Meet Juliana. A little girl who is changing the face of beauty.
Words from Juliana’s Mom-
Two years ago I was sitting in a coffee shop working on grad school homework, when my phone rang. I knew it was the call I had been waiting for, but had convinced myself I didn’t need to worry about; to get the results of our noninvasive prenatal test. I honestly don’t remember much of what the genetic counselor said on the phone, other than her communicating that the test had been positive for Trisomy 21. I remember her apologizing for not preparing us for the diagnosis. We only had two soft markers and I was 33, which put our chances at about 1 in 140. I also remember she wanted us to make an appointment to come in and see her – however that was the last thing I wanted to do in that moment. I packed my stuff up and drove to my parent’s house, and when my mom opened the door I burst into tears. I cried for awhile before I could speak, before I could even articulate why I was crying. I finally processed that I was crying over the future I had pictured for our daughter – that I now viewed as being impossible. The second hardest part of that day was telling my husband. I called him multiple times that day to tell him as soon as possible. I remember him coming through the door sitting down and crying himself and saying “but I don’t like special needs kids.”
The next few months were time of mourning, learning and planning for us. Despite both having careers that came in contact with children with Down syndrome, both of us had no idea what the day to day life of a family would look like with a child with Down syndrome. I found a huge support system both online and through our local Down syndrome network. For our family the time between our positive NIPT and Juliana’s birth was essential time to let us prepare and process everything. We were also blessed with an incredibly supportive team of midwives. We had one additional ultrasound, and a fetal echocardiogram, but otherwise the pregnancy was uneventful. My midwife team was supportive of my desire for a normal pregnancy, and respected my wish to continue as planned unless they had a safety concern. Our open communication let them prepare the hospital so that they were aware we knew about Juliana’s diagnosis and were excited – which was crucial for me. I didn’t want anyone whispering in the corner, or coming into our room thinking we didn’t know. Her birthday was a joyful day where we all were able to celebrate her joining our family.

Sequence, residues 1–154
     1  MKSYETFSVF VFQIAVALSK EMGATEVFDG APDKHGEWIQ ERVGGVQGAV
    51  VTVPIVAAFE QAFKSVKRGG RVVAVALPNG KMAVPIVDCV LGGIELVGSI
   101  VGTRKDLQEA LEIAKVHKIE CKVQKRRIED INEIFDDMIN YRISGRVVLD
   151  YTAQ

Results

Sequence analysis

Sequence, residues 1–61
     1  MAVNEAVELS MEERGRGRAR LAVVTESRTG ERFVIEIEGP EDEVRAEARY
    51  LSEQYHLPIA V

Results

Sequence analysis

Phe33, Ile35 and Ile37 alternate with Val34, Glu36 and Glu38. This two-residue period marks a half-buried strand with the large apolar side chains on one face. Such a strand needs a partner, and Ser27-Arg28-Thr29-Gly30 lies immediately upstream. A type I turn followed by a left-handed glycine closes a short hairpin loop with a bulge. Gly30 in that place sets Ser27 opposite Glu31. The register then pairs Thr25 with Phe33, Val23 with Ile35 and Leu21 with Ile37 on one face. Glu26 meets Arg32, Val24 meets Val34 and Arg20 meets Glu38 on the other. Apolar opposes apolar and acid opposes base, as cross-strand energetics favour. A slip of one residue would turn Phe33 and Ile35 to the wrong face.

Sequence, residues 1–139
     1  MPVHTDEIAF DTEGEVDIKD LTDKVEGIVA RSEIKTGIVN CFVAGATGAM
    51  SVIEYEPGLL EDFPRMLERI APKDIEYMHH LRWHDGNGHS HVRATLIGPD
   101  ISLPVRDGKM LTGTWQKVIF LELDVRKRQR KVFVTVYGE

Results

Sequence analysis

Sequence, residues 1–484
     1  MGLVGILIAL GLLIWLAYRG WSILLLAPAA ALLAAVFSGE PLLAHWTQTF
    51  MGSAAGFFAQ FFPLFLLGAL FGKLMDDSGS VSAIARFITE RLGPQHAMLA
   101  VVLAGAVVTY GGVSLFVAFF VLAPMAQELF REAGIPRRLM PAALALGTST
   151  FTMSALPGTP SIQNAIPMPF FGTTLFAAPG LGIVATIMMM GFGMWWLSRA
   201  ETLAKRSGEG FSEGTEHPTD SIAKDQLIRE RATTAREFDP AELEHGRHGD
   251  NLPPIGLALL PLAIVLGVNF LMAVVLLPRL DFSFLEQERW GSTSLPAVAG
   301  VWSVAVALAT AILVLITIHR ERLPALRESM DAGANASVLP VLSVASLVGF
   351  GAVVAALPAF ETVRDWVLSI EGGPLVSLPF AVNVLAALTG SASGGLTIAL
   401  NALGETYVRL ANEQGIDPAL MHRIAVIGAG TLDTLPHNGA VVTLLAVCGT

I know that time of uncertainty and mourning was part of our journey – but I also wish I could go back and tell us how much joy is part of our lives now. I would tell my husband what an amazing bond he has with Juliana – who just started signing daddy. I would share about how Juliana plays with and annoys her brother like all siblings do, and how she has been accepted into the tribe of kids on our street without a thought by the kids – despite my hours of tears worrying about it. I would share about how she gives the best hugs, and dances to any bit of music she hears – clapping enthusiastically at the end every time. Being greeted by her hugs and giggles at the end of the day is one of the best part of my day. Juliana has helped me see that in truth I hope the same thing for both of my children – that they are kind, that they find joy and purpose in their life, that they know how to work hard for something. We still have bad days, and there is mourning still as some things come differently or later. Comparison is the thief of every parent’s joy. But two years ago I couldn’t imagine what our life would look like, and now I can’t imagine it any other way.
For more information or support regarding the Down Syndrome diagnosis experience check out www.downsyndromepregnancy.org← The resource was key for me in the early days
www.dsdiagnosisnetwork.org– I would not have made it through many days without the tribe of Rockin’ Moms I found through the Down Syndrome Diagnosis Network
To see what the future looks like for many individuals with Down Syndrome check out https://rubysrainbow.org